Boston Dynamics has spent years posting creepy videos of lifelike robots, but it started selling its first real product last year in the form of a $75,000 robot dog called Spot. Now, the company has unveiled its second production model robot, and the first designed for commercial warehouse applications. It’s called Stretch, and you’ll be able to buy one next year. You might want to start saving up, though.
This is not Boston Dynamics‘ first foray into the world of box-hoisting robots. A few years ago, it revealed a machine called Handle. This bird-like robot scooted around on two-wheeled legs, dangling a mechanical arm with a grasper in front of it. The robot went on to make an appearance in the company’s 2020 farewell video, but it wasn’t the most practical design for a warehouse environment, and it looks like Boston Dynamics is moving on.
The new Stretch robot is much less visually impressive (and disconcerting) than Spot or Handle. The boxy base conceals good old-fashioned wheels, and atop that is the robotic arm complete with suction cup grasper and seven degrees of movement. There’s also a “perception mast” next to the arm that has cameras and laser sensors to help guide the automaton.
Boston Dynamics is bringing mobility to warehouse automation. Watch Stretch – our new case handling robot – move, groove and unload trucks.
Read the announcement. https://t.co/5B7wDDKC38 pic.twitter.com/i3Dsoz9Tq8
— Boston Dynamics (@BostonDynamics) March 29, 2021
Stretch’s suction pad arm can lift boxes as heavy as 50 pounds (23 kilograms), which is about a third more mass than Handle could manage with its two-wheel design. However, the boxes need to be very boxy. If there’s no flat surface, Stretch can’t attach to it with the suction pad. Boston Dynamics didn’t specify, but I’d wager the computer vision system is also less able to identify oddly shaped objects.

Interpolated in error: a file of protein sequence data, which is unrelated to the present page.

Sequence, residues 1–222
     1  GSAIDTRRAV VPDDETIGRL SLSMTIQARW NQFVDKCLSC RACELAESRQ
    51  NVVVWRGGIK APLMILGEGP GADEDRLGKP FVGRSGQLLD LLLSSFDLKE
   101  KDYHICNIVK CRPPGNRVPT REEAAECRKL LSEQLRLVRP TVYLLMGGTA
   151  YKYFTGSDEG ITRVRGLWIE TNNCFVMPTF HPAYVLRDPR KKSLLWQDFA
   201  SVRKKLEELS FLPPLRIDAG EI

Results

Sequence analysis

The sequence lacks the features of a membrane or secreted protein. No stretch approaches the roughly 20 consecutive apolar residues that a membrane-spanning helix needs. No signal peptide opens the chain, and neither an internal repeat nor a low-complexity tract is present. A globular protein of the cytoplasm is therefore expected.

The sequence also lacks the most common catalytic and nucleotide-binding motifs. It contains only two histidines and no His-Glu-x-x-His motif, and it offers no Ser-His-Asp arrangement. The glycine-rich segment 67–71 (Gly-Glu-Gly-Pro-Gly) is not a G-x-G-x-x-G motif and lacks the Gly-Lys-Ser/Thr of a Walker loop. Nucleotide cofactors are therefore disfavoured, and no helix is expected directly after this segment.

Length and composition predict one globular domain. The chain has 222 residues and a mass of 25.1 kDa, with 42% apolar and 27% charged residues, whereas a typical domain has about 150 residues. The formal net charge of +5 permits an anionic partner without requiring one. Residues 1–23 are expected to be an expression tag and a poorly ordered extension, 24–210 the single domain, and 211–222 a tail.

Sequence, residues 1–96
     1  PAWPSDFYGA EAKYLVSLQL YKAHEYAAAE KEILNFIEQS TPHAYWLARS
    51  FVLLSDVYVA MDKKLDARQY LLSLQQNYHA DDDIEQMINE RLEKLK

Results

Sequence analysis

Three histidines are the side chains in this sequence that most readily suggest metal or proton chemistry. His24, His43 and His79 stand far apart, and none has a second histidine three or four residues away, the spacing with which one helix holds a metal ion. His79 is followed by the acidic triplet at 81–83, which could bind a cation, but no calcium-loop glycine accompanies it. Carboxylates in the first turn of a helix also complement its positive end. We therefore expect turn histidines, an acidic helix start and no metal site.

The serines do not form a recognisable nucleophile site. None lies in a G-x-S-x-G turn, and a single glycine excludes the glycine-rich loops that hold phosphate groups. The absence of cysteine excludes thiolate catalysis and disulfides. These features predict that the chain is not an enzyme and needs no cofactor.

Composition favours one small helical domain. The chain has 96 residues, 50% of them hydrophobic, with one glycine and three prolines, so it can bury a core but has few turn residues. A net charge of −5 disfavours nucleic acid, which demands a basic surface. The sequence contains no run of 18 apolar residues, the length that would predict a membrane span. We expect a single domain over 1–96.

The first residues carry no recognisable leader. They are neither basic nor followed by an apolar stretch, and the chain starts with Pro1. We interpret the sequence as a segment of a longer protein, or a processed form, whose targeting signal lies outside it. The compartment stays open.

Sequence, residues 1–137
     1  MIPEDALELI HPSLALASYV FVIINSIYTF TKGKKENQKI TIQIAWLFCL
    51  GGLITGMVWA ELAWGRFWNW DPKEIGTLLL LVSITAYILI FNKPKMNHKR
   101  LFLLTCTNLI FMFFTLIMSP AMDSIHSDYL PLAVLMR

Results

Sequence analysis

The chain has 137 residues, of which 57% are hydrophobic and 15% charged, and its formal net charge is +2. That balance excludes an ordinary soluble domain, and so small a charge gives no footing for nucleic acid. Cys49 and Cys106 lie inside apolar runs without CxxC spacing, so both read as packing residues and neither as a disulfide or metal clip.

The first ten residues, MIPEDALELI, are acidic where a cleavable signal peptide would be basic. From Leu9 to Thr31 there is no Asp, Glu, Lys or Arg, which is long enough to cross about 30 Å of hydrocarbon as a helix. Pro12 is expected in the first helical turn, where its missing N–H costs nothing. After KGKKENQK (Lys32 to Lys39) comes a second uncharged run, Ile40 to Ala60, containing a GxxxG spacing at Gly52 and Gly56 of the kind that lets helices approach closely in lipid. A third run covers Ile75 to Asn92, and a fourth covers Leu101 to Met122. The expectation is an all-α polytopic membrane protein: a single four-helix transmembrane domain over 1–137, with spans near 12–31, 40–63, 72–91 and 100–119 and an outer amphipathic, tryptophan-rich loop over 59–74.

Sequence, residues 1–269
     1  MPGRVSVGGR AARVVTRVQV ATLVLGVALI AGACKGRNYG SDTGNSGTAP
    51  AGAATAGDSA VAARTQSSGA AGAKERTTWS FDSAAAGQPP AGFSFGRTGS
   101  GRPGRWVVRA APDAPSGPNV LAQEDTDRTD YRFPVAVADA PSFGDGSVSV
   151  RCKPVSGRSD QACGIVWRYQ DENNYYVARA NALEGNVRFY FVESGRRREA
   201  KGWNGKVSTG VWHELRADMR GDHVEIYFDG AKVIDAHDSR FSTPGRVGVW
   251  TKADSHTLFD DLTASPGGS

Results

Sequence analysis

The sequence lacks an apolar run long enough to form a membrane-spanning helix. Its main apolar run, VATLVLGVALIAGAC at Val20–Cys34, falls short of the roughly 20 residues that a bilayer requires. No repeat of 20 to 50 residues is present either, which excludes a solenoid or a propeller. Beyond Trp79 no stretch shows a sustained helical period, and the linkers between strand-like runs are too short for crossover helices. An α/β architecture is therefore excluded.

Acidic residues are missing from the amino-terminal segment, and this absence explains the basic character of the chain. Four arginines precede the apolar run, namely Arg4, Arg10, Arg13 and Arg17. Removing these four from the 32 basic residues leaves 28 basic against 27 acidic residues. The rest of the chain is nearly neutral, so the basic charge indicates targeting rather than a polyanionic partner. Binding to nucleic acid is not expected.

BostonDynamics, which became part of Hyundai last year, designed Stretch in this way to make it useful to the maximum number of customers possible. It doesn’t require any existing automation infrastructure — it can roll down an aisle, go up a ramp into a truck, and stack the boxes anywhere there’s physical room for the robot to maneuver.
Boston Dynamics hopes to open sales of Stretch in 2022. For now, it’s looking for some partners who would like to test the robot as part of a pilot program. Interested parties can apply for access, but everyone else will have to wait for next year. Boston Dynamics hasn’t revealed the pricing, but it will no doubt be high. Spot is much less complex, and it’s 75 grand.